After reading my short-sell theses on ServiceNow (NYSE:NOW) and Workday (NYSE:WDAY), an astute Seeking Alpha reader messaged me to suggest that Proofpoint (NASDAQ:PFPT) might also fit my short criteria. He was right and I'm now short PFPT. Here's why:
First, the positives:
Proofpoint is an SaaS security provider which describes itself as (see latest 10-Q):
Proofpoint is a pioneering security-as-a-service ("SaaS") vendor that enables large and mid-sized organizations through out the world to defend, protect, archive and govern their most sensitive data. Our SaaS platform is comprised of an integrated suite of on-demand data protection solutions, including threat management, regulatory compliance, data governance, and secure communication.
We were founded in 2002 to provide a unified solution to help enterprises address their growing data security requirements. Our first solution was commercially released in 2003 to combat the burgeoning problem of spam and viruses and their impact on corporate email systems. As the threat environment has continued to evolve, we have dedicated significant resources to meet the ongoing challenges that this highly dynamic environment creates for our customers such as investing significantly to expand the breadth of our data protection platform as these expenditures are primarily in connection with the replacement and upgrade of equipment to lower the cost of deployment as well as to improve the efficiency for our cloud-based architecture.
For the past few years (or more), internet security has been in the news, driving the whole sector. The upswing has been particularly strong recently due to attacks like that on Sony. For example here's how SA news described the ramifications of the Sony hack:
Cybersecurity a major concern in C-suites after Sony hack
- A blog post from computer security firm F-Secure may send a chill through the C-suites of major corporations across the globe.
- F-Secure calls the Sony Pictures (NYSE:SNE) hacking incident the worst ever seen by a company, but that's not even the scary part.
- The take from F-Secure is that it's sophisticated extortionists behind the incident - not ticked off North Korea sympathizers.
- The public execution of Sony Pictures could just be a warning aimed at future targets, theorizes F-Secure.
- The FBI has issued a flash alert which warns that other company might already have the malware in their systems.
Yet despite what's been a booming market for at least several years (and realistically even longer than that), PFPT is currently unprofitable and in fact has never turned a profit. Moreover, it doesn't expect to be profitable in the near future. Here's how the point is made in PFPT's risk disclosures (my emphasis):
We have incurred net losses in every year since our inception, including net losses of approximately $46.9 million and $15.6 million, respectively, for the nine months ended September 30, 2014 and 2013. As a result, we had an accumulated deficit of $256.9 million as of September 30, 2014. Achieving profitability will require us to increase revenue, manage our cost structure, and avoid unanticipated liabilities. We do not expect to be profitable in the near term. Revenue growth may slow or revenue may decline for a number of possible reasons, including slowing demand for our solutions, increasing competition, a decrease in the growth of our overall market, or if we fail for any reason to continue to capitalize on growth opportunities. Any failure by us to obtain and sustain profitability, or to continue our revenue growth, could cause the price of our common stock to decline significantly.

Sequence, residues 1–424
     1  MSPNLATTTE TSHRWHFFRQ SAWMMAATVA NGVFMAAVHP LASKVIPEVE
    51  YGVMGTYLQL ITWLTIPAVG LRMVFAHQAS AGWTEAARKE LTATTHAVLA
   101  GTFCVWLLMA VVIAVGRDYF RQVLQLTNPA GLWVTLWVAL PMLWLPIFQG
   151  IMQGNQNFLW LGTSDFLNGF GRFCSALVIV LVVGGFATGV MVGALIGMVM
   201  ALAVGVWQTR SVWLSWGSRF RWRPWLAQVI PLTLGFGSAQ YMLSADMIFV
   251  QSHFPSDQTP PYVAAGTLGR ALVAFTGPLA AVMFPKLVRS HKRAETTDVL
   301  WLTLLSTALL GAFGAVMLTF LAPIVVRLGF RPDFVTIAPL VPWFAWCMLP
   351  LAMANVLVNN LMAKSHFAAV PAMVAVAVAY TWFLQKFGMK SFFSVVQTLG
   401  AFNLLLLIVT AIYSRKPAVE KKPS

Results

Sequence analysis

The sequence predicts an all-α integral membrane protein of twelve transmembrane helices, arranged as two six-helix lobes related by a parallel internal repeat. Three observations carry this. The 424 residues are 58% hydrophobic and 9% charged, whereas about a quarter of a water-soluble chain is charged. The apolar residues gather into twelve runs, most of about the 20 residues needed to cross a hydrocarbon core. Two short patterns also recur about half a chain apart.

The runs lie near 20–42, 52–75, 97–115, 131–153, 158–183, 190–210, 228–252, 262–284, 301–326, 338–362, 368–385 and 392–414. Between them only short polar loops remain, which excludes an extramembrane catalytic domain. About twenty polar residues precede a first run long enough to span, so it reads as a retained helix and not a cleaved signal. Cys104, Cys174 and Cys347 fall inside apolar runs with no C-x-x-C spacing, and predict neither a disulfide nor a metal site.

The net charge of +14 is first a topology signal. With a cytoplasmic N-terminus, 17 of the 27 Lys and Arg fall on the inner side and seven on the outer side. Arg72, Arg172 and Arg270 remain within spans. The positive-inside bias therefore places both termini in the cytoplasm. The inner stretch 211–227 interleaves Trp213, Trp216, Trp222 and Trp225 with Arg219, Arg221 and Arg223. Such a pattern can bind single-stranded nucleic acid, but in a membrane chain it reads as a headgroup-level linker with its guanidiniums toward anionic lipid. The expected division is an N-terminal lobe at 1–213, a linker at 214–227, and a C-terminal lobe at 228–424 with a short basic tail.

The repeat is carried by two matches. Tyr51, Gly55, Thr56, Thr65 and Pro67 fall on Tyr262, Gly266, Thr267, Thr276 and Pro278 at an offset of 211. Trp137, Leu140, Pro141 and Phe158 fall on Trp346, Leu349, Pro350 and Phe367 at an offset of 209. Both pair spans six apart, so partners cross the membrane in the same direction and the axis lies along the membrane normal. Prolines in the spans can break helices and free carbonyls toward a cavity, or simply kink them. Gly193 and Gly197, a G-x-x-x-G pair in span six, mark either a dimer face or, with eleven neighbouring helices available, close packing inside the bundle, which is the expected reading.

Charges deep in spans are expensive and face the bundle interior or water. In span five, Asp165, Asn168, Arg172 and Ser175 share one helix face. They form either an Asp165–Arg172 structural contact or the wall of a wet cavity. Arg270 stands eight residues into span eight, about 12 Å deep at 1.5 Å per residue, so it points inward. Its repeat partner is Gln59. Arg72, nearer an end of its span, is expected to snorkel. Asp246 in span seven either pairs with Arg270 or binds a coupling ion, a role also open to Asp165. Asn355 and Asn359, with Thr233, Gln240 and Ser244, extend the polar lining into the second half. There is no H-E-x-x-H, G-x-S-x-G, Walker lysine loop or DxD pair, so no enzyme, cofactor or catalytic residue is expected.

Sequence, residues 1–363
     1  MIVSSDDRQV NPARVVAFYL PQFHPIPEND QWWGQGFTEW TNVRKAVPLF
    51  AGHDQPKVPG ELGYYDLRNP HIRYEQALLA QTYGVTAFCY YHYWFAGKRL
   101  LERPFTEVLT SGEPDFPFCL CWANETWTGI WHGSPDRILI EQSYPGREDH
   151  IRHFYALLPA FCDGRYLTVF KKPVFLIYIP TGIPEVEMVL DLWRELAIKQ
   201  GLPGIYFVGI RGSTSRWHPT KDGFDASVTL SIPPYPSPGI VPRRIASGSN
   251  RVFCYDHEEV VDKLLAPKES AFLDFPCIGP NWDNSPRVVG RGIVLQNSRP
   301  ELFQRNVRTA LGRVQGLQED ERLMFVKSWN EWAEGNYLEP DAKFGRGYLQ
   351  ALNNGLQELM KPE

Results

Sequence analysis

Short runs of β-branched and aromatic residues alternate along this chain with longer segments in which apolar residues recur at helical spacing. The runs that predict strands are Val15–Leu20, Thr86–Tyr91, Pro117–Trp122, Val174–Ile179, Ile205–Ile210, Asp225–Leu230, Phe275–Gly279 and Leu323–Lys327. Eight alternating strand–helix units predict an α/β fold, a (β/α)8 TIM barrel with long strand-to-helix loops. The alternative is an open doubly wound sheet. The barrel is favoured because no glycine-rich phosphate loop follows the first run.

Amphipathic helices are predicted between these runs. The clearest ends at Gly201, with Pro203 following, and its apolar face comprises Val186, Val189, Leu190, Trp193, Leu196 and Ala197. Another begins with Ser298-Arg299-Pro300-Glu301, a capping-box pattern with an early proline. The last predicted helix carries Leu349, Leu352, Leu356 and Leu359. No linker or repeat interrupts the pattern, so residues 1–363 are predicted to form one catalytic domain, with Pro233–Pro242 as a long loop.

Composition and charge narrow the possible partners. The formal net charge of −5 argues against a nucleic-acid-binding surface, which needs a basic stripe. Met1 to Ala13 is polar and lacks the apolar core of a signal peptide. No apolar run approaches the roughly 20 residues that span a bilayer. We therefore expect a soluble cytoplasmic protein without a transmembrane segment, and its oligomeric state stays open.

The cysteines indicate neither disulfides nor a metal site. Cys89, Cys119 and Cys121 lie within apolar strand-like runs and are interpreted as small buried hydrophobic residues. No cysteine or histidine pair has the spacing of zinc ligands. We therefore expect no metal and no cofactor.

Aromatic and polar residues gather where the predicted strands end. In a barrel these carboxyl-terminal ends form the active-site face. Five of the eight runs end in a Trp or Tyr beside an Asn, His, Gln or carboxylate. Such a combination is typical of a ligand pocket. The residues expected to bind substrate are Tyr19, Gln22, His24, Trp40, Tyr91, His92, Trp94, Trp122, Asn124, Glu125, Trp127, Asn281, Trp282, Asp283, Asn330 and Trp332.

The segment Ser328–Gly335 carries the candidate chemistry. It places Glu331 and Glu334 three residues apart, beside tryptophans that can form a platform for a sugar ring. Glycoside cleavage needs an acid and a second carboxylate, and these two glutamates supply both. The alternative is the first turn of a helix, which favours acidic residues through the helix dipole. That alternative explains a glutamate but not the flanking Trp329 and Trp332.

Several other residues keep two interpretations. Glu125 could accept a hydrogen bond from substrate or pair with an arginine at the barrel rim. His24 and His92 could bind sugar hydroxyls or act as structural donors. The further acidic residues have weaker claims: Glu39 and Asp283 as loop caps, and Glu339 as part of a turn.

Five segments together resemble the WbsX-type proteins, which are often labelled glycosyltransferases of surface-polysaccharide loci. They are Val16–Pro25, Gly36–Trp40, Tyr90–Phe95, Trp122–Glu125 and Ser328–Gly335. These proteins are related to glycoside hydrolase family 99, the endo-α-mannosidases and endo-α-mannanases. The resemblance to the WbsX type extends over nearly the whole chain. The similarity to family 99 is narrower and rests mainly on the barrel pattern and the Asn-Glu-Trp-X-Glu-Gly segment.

Of course revenue has been increasing, as it has been with many cloud companies, but in this case the stock price increase isn't really explained by revenue growth, it's almost all due to multiple expansion.
When a valuation multiple expands almost ten-fold - particularly in a "hot" sector - and despite having no real change in business outlook, I see "over-exuberance" at work and expect that multiple contractions won't be far off. That's particularly true in today's market where some bubble stocks are beginning to come back to reality (see TWTR for example).
But PFPT isn't just unprofitable with no prospects of near-term profitability, margins are actually declining! So for example in the latest 10-Q we see that for the nine months ended Sep. 30 of 2013 and 2014 respectively, R&D expenses have increased from 24% of revenue to 27%, sales and marketing have increased from 51% to 52% and G&A has remained constant at 14%. Thus all the growth has been achieve with dis-economies of scale!
I've mentioned in other articles that an increased use of stock based compensation tends to result in a decrease in financial discipline, and that's a dynamic that's likely operative here too. See for example the tendency to increase stock based compensation as a percentage of revenues as well as the slight decrease in revenues per employee:
Another way to gauge PFPT's valuation is on a relative basis. The chart below (stats taken from yahoo!) gives a quick overview of the valuation metrics (as of the close on Dec 15, 2014) of some of the major companies in the space. Though PFPT doesn't sport the absolute highest P/S ratio, when one takes into account growth, profitability and balance sheet quality, it ranks as the most overvalued company.
As a final confirmation, insiders have only been acting one way, that is selling:
As a result of all this, I've added PFPT to my short portfolio.
Disclosure: The author is short PFPT, NOW, WDAY.
The author wrote this article themselves, and it expresses their own opinions. The author is not receiving compensation for it (other than from Seeking Alpha). The author has no business relationship with any company whose stock is mentioned in this article.
Additional disclosure: I actively trade around core positions.